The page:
_I_ know; full well I know.

The white man seeks the soft, fat place,
  And he moves and he works by rule.
Ingenious grows the humbler race
  In Oppression's prodding school.
And it's, oh, for a white man gone to seed,
  While the Negro struggles so!
And I know which race develops most,
  I know; yes, well I know.

The white man rides in a palace car,
  And the Negro rides "Jim Crow."
To damn the other with bolt and bar,
  One creepeth so low; so low!
And it's, oh, for a master's nose in the mire,
  While the humbled hearts o'erflow!
Well I know whose soul grows big at this,
  And whose grows small; _I know_!

The white man leases out his land,
  And the Negro tills the same.
One works; one loafs and takes command;
  But I know who wins the game!
And it's, oh, for the white man's shrinking soil,
  As the black's rich acres grow!
Well I know how the signs point out at last,
  I know; ah, well I know!

The white man votes for his color's sake,
  While the black, for his is barred;
(Though "ignorance" is the charge they make),
  But the black man studies hard.
And it's, oh, for the white man's sad neglect,
  For the power of his light let go!
So, I know which man must win at last,
  I know! Ah, Friend, I know!


AN INDIGNATION DINNER

Dey was hard times jes fo' Christmas round our neighborhood one year;
So we held a secret meetin', whah de white folks couldn't hear,
To 'scuss de situation, an' to see what could be done
Towa'd a fust-class Christmas dinneh an' a little Christmas fun.

Rufus Green, who called de meetin', ris an' said: "In dis here town,
An' throughout de land, de white folks is a-tryin' to keep us down."
S' 'e: "Dey's bought us, sold us, beat us; now dey 'buse us 'ca'se we's free;
But when dey tetch my stomach, dey's done gone too fur foh me!

"Is I right?" "You sho is, Rufus!" roared a dozen hungry throats.
"Ef you'd keep a mule a-wo'kin', don't you tamper wid his oats.
Dat's sense," continued Rufus. "But dese white folks nowadays
Has done got so close and stingy you can't live on what dey pays.

"Here 'tis Christmas-time, an', folkses, I's indignant 'nough to choke.
Whah's our Christmas dinneh comin' when we's 'mos' completely broke?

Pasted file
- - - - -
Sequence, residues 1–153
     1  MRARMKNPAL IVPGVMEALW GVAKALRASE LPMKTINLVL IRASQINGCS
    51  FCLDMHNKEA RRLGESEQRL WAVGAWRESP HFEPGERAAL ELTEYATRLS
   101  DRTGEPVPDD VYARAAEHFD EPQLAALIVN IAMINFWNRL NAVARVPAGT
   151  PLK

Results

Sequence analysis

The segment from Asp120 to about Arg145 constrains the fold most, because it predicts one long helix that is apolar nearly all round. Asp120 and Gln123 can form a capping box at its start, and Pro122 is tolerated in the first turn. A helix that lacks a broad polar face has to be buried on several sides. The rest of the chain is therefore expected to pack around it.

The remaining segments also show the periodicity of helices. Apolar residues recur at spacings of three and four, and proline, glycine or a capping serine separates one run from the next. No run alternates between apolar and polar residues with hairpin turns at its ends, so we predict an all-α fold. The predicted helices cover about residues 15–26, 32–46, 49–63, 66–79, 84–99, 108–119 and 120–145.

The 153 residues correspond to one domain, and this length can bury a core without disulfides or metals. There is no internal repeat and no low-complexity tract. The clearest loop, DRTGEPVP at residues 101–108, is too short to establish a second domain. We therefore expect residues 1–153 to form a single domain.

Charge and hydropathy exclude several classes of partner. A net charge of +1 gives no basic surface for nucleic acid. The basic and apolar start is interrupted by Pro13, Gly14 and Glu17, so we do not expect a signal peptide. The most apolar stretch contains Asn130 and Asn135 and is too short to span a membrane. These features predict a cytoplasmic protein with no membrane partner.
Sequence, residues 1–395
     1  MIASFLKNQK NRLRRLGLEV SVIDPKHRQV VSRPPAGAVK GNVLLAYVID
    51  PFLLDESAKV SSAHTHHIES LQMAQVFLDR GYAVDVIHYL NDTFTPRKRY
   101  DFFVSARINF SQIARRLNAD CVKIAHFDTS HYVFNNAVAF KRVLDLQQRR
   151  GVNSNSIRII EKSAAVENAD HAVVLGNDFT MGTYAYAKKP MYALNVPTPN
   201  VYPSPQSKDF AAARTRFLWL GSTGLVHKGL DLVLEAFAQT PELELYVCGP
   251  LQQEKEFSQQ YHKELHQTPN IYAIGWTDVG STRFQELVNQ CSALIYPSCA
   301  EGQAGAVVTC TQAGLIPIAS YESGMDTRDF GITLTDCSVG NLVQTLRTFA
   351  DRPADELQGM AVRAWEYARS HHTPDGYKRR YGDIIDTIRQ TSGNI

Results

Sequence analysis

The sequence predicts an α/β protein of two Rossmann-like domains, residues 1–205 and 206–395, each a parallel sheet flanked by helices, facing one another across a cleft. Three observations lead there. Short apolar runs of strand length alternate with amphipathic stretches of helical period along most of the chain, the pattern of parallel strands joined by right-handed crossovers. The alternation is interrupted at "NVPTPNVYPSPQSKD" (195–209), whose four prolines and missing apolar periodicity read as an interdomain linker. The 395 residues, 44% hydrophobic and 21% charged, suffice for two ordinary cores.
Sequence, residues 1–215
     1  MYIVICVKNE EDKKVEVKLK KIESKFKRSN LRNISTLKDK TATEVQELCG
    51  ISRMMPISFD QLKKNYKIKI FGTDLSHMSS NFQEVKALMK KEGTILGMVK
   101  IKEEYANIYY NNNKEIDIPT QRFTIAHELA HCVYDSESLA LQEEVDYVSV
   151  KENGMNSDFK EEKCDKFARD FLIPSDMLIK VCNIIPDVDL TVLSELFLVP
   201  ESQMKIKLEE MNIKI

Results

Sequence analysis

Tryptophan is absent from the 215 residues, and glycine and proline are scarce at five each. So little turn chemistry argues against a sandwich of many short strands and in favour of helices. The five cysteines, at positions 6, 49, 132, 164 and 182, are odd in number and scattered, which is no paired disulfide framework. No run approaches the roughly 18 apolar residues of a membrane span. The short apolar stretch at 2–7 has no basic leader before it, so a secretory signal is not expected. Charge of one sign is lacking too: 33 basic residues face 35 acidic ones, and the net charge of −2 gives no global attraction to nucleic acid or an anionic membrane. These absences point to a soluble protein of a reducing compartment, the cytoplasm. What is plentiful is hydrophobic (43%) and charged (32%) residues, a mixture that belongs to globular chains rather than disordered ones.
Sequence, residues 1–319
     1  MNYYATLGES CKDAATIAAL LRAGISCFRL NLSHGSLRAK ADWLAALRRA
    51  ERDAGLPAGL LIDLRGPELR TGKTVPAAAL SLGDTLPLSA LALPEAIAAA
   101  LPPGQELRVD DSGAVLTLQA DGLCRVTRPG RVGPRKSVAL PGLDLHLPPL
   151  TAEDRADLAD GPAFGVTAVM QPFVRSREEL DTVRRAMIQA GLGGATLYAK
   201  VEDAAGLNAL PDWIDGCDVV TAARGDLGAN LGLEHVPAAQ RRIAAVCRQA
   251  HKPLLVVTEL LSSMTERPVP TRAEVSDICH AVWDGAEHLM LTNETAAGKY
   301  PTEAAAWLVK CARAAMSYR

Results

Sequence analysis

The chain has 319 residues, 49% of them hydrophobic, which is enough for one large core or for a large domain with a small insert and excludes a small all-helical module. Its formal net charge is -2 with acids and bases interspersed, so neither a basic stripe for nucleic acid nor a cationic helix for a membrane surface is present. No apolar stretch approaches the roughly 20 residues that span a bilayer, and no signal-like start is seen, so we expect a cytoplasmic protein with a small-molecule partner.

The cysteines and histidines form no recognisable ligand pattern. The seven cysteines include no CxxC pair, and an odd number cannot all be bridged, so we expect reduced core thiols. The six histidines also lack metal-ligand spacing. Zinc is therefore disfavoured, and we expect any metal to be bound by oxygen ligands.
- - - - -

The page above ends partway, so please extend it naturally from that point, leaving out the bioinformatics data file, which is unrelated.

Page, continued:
I can't hahdly 'fo'd a toothpick an' a glass o' water. Mad?
Say, I'm desp'ret! Dey jes better treat me nice, dese white folks had!"

Well, dey 'bused de white folks scan'lous, till old Pappy Simmons ris,
Leanin' on his cane to s'pote him, on account his rheumatis',
An' s' 'e: "Chilun, whut's dat wintry wind a-sighin' th'ough de street
'Bout yo' wasted summeh wages? But, no matter, we mus' eat.

"Now, I seed a beau'ful tuhkey on a certain gemmun's fahm.
He's a-growin' fat an' sassy, an' a-struttin' to a chahm.
Chickens, sheeps, hogs, sweet pertaters--all de craps is fine dis year;
All we needs is a committee foh to tote de goodies here."

Well, we lit right in an' voted dat it was a gran idee,
An' de dinneh we had Christmas was worth trabblin' miles to see;
An' we eat a full an' plenty, big an' little, great an' small,
Not beca'se we was dishonest, but indignant, sah. Dat's all.


DREAM AND THE SONG

So oft our hearts, belovèd lute,
In blossomy haunts of song are mute;
So long we pore, 'mid murmurings dull,
O'er loveliness unutterable.
So vain is all our passion strong!
The dream is lovelier than the song.

The rose thought, touched by words, doth turn
Wan ashes. Still, from memory's urn,
The lingering blossoms tenderly
Refute our wilding minstrelsy.
Alas! we work but beauty's wrong!
The dream is lovelier than the song.

Yearned Shelley o'er the golden flame?
Left Keats for beauty's lure, a name
But "writ in water"? Woe is me!
To grieve o'er flowerful faëry.
My Phasian doves are flown so long--
The dream is lovelier than the song!

Ah, though we build a bower of dawn,
The golden-wingèd bird is gone,
And morn may gild, through shimmering leaves,
Only the swallow-twittering eaves.
What art may house or gold prolong
A dream far lovelier than a song?

The lilting witchery, the unrest
Of wingèd dreams, is in our breast;
But ever dear Fulfilment's eyes
Gaze otherward. The long-sought prize,
My lute, must to the gods belong.
The dream is lovelier than the song.
 

This page has paths:

This page has tags: